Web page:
BlackBerry has just released the company's latest flagship called the Priv, which is also the first handset powered by an Android OS from the Canadian OEM.
Specifically running on Android 5.1.1, Priv marks the company's interest in creating a mainstream device, which it must have done with a careful thought considering the fact that Android is the most popular OS to date.
Officially released Nov. 9, the BlackBerry Priv, which is previously known as the BlackBerry Venice, is only three months more relevant than the Samsung Galaxy Note 5 and announced two months after the Google Nexus 6P. All three devices are the current flagships of their respective manufacturing companies, with each offering premium spec and high-end features.
eSPECSially For You. There's no denying that a number of users are already aware of the type of specifications they want to see in a device. Some prefer to have a big display while others are more keen on a device that would fit perfectly when held with one hand. Others like their handsets to have good camera features while there are those who want a longer battery life.
Here are some of the specs that are being offered by the current flagships from BlackBerry, Samsung and Google.
|Specifications||Priv||Galaxy Note 5||Nexus 6p|
|Display||5.4 inches||5.7 inches||5.7 inches|
|Resolution||1,440 x 2,560||1,440 x 2,560||1,440 x 2,560|
|Dimension (inches)||5.79 x 3.04 x 0.37||6.03 x 3.0 x 0.30||6.27 x 3.06 x 0.29|
|Weight||6.77 ounces||6.03 ounces||6.28 ounces|
|Operating System||Android 5.1.1||Android 5.1.1||Android 6.0|
|Internal Memory||32 GB||32/64 GB||32/64/128 GB|
|RAM||3 GB||4 GB||3 GB|
|Main Camera||18 MP||16 MP||12 MP|
|Front Camera||2 MP||5 MP||8 MP|
|Battery||3,410 mAh||3,000 mAh||3,450 mAh|
While the BlackBerry Priv has a 5.4-inch display compared to the 5.7 inches found in both the Galaxy Note 5 and the Google Nexus 6P, all of the three handsets offer a resolution of 1,440 x 2,560 pixels. The Priv also seemed to be the heaviest among the three, weighing 6.77 ounces. It's also a bit thicker, although the thickness can be attributed to the handset's slide-out design. Its 18 MP main camera is also a good convincing feature. However, selfie fans may opt for the 8 MP front camera of the Nexus 6P.
Design. BlackBerry maintains the tradition of equipping its handsets with a physical QWERTY keyboard in the BlackBerry Priv. Such feature is rarely seen on most Android handsets these days. Moreover, the keyboard is hidden and is designed to be revealed by sliding it out from the bottom part of the device. This allows the user to have more flexibility on whether to use the keyboard or touchscreen on their handset.
The Galaxy Note 5 is Samsung's smoothest and slimmest smartphone to date. It's also the only Samsung model for 2015 that features a stylus, otherwise known as the S Pen. Unlike the Priv which is only available in Black, the Galaxy Note 5 offers a wider color selection that includes silver, gold, white, pink and black.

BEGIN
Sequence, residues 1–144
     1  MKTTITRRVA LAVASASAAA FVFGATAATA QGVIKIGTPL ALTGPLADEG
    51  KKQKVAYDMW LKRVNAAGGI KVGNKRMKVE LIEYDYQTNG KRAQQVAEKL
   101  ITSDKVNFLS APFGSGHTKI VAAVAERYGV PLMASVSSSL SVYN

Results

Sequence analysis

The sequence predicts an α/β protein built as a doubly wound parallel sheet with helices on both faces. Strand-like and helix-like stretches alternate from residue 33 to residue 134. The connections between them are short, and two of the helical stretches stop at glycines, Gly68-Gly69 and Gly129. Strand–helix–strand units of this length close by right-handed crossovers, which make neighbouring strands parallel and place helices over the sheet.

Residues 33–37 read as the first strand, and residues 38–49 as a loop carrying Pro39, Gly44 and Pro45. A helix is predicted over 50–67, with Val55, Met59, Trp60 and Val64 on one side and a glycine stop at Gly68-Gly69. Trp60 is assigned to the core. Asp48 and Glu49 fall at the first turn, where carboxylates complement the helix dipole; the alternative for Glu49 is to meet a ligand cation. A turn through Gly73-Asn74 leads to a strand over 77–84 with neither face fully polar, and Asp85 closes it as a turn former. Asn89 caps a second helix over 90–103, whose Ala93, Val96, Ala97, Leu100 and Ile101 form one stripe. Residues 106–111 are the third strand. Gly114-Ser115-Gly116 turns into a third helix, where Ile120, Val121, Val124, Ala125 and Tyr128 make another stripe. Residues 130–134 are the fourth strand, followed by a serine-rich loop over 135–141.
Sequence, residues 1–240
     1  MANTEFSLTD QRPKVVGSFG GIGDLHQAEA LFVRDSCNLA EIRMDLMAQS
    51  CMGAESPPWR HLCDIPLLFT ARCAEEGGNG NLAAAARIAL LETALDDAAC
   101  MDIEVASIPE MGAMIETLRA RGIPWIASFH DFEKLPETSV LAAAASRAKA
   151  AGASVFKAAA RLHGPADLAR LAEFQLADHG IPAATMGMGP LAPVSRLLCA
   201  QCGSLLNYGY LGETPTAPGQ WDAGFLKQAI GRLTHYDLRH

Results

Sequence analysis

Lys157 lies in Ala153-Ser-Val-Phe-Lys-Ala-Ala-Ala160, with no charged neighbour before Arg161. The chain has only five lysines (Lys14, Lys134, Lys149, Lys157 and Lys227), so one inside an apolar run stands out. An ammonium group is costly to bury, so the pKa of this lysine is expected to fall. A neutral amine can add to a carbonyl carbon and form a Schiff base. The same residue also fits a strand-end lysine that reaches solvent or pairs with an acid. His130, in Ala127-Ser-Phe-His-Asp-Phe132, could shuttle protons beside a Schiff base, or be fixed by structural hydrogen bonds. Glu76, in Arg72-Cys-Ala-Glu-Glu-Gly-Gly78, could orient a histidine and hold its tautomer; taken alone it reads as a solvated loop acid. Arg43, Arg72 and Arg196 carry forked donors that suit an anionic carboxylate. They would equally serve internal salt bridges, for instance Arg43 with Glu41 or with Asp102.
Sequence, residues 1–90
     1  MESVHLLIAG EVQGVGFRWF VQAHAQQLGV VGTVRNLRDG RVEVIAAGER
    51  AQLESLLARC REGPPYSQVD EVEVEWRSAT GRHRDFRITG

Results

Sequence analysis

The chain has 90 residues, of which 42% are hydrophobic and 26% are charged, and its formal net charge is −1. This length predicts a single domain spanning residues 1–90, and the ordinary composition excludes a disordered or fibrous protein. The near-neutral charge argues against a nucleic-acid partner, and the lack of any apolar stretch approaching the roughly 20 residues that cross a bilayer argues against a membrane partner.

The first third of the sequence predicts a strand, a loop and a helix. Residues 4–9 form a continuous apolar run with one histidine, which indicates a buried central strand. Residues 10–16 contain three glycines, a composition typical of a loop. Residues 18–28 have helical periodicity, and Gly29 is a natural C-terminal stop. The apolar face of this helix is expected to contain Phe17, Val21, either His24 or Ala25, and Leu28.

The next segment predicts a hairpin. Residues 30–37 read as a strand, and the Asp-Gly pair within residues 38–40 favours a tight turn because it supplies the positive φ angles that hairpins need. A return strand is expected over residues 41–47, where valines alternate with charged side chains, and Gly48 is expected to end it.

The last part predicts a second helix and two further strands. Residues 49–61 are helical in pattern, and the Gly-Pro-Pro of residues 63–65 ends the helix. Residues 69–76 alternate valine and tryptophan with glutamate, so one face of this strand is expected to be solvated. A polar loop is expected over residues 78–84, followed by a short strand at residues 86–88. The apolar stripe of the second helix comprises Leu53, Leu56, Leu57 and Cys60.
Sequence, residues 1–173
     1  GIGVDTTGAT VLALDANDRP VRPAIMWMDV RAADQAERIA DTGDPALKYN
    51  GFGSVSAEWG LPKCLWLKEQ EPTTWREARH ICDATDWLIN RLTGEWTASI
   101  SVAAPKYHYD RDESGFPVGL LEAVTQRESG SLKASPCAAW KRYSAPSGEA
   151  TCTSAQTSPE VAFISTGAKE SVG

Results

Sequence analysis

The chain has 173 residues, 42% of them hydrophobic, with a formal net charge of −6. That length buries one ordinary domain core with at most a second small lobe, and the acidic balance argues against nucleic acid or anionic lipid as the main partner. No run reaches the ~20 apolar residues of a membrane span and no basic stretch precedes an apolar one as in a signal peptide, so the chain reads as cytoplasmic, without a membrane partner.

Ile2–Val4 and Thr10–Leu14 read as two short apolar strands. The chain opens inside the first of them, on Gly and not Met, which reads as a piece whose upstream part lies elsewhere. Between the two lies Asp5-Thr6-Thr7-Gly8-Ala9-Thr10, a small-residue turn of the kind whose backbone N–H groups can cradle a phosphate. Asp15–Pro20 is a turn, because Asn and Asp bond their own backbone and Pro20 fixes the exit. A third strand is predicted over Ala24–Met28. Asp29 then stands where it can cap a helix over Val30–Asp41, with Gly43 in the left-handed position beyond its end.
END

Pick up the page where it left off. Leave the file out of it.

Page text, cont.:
The Google Nexus 6P has an all metal build and boasts a solid black area found on the handset's top back where the camera is placed. Although it has a 5.7-inch display, it's surprisingly easy to hold and feels comfortable when grasped. It also exudes a solid and smooth finish with edges that also provide a good grip.
Performance. As for performance, let's take a look on how the Galaxy Note 5 and the Google Nexus 6P are doing so far.
According to Michael Sawh of Trusted Reviews, "[t]he Note's Super AMOLED screen is built for watching videos and that's inevitably where the Note 5 excels. You still get those deep blacks and the bump in PPI and brightness helps things feel all that more vivid. Brightness has been cranked up notch, not that things were dull on the Note 4, but it's a notable improvement."
As for the Nexus 6P, Malarie Gokey of Digital Trends said that "Android 6.0 looks great on the new Nexus, and it runs like a dream." Gokey added "Not only does Marshmallow look good on the Nexus 6P, it also amps up the phone's performance. Apps load fast and Google Now is smarter than ever. And, because it's a Nexus, the 6P will get updates and security patches more quickly than any other Android phone on the market."
While the BlackBerry Priv is fairly new in the market, here's what Richard Goodwin of Know Your Mobile has to say: "The Priv kind of feels just like any other Android handset. It does everything they do, with access to things like Google Now and Google Play, just with a few additional extras peppered on top. Given time and providing things like the Hub and Blend (sadly, not present here) are developed further, BlackBerry could really begin to carve a niche out for itself in the Android Kingdom."
Is Priv the new Android killer? Considering that it is BlackBerry's first foray into the Android ecosystem, the company should at least be credited with its willingness to try something new. At the same time, the handset's QWERTY keyboard, a traditional feature in BlackBerry handsets, also makes it a testimony to the company's commitment in keeping something that had always been loved by their fans. It seemed like the company has a good start and given the fact that the device runs on the most popular OS, there's definitely a lot to look forward to with the BlackBerry Priv handset.